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Wed, Feb 28, 2001 EST
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Lucent Chairman: Company Is Trying to Fix
Past Mistakes

By Mike Schneider   Associated Press
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ORLANDO, Fla. — Lucent Technologies made a mistake by organizing into 11 "hot little businesses" which caused duplication and increased expenses, chairman and CEO Henry Schacht told shareholders Wednesday.

The struggling communications equipment company also grew too fast and missed an opportunity to bring its optical networking technology to the market early, Schacht told about 600 shareholders at the company's annual meeting in Orlando.

"We know what went wrong. We're in the process of fixing it," said Schacht, who was reinstated as Lucent's interim chairman and chief executive after top executive Richard McGinn was fired last year.

In recent months, the company's stock price has dropped from a high of $84 late last year to a low of $12.15 at midmorning trading. Its debt rating was reduced to a notch above junk-bond status and the Securities and Exchange Commission initiated an investigation into its accounting practices. The company also reported a 26 percent decline in revenues in the first fiscal quarter of 2001.

But Schacht promised the company would get back on track through a restructuring plan that centralizes the company's operations, reduces the company's expense run rate by $2 billion annually and cuts the workforce by up to 16,000 employees. The company also plans to reduce capital spending by $400 million this year and is negotiating a new $4.5 billion line of credit to help meet cash flow, he said.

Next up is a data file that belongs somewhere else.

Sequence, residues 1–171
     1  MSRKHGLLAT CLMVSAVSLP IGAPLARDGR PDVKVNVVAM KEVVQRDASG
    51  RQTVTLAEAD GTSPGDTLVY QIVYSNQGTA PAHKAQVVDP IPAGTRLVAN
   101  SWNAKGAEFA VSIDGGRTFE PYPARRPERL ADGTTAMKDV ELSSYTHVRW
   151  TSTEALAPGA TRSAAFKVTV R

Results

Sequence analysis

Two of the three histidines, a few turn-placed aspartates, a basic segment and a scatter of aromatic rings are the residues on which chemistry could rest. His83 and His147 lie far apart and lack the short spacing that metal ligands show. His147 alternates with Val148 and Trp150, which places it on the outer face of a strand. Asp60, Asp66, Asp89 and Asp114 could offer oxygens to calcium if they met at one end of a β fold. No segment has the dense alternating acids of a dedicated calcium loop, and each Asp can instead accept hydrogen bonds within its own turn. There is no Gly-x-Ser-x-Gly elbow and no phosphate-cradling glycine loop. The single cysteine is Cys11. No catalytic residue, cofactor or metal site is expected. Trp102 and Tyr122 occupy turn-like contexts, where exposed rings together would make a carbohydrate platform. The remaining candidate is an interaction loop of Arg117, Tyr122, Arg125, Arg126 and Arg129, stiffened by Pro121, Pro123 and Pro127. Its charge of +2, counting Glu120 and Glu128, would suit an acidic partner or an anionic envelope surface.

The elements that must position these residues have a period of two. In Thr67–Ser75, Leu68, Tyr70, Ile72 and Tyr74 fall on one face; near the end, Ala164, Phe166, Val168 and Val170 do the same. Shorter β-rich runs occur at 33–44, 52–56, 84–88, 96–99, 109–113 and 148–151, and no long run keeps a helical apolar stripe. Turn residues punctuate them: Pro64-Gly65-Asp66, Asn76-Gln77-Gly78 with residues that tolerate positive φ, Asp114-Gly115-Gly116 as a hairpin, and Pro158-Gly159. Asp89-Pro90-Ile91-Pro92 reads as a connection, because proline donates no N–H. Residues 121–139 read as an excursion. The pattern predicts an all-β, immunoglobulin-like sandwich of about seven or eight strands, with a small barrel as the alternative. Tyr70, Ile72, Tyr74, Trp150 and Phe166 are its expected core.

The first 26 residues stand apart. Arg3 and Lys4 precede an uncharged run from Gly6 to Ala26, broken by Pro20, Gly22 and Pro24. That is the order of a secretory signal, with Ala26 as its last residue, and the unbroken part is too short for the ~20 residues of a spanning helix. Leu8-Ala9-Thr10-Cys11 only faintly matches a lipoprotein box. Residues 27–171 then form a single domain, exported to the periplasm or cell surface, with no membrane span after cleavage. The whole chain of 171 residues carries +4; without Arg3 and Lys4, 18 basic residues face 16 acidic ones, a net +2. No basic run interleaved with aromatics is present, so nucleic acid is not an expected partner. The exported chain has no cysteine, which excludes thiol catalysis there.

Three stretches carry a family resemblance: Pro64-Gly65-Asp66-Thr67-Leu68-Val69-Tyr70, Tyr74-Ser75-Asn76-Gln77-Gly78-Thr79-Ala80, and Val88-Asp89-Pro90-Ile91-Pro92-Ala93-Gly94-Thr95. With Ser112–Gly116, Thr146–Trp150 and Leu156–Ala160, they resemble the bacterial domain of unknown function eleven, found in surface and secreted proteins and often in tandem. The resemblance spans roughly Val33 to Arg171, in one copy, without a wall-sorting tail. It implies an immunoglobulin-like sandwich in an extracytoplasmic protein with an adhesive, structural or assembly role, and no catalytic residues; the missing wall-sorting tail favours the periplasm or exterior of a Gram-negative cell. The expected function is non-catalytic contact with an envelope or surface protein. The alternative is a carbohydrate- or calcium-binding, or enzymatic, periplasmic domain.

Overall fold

Frustrated shareholders, while appreciating Schacht's candor, found little consolation in his promises for improvement at the formerly highflying Lucent, the AT&T; Corp. spinoff which is one of the most-widely held stocks in the United States. "Since we're here in Orlando, I would say Mickey Mouse and Goofy could have done as good a job running this company," shareholder Martin Glotzer told Schacht.

Shareholder Jack McConnell told the chairman, "These are major mistakes. Has anyone paid the price but us?"

One way Lucent may raise billions of dollars is through the sale of its profitable optical-fiber business. A deal to sell the Georgia-based operation, the world's second-largest producer of fiber-optic cable behind Corning, could come as soon as next month, The Wall Street Journal reported Wednesday, citing people familiar with the matter. Schacht refused to comment on what he called "rumors."

Lucent also plans to spin off Agere Systems, a 16,500-worker unit that makes optical components and communications semiconductors, by the end of the summer after an initial public offering at the end of March. It will be based in Allentown, Pa.

In other business, shareholders overwhelmingly approved Franklin Thomas to another three-year terms as a Lucent director and decided to let employees buy stock through payroll deductions.

Shareholders also narrowly approved a shareholder proposal requiring directors to be elected every year instead of every three years. The vote, however, isn't binding since an 80 percent vote is required to change the company's bylaws; the company, which had opposed the measure, will take the vote under advisement.

The board currently has a vacancy caused by the resignation of former director Paul H. O'Neill when he was appointed U.S. Treasury Secretary last year.

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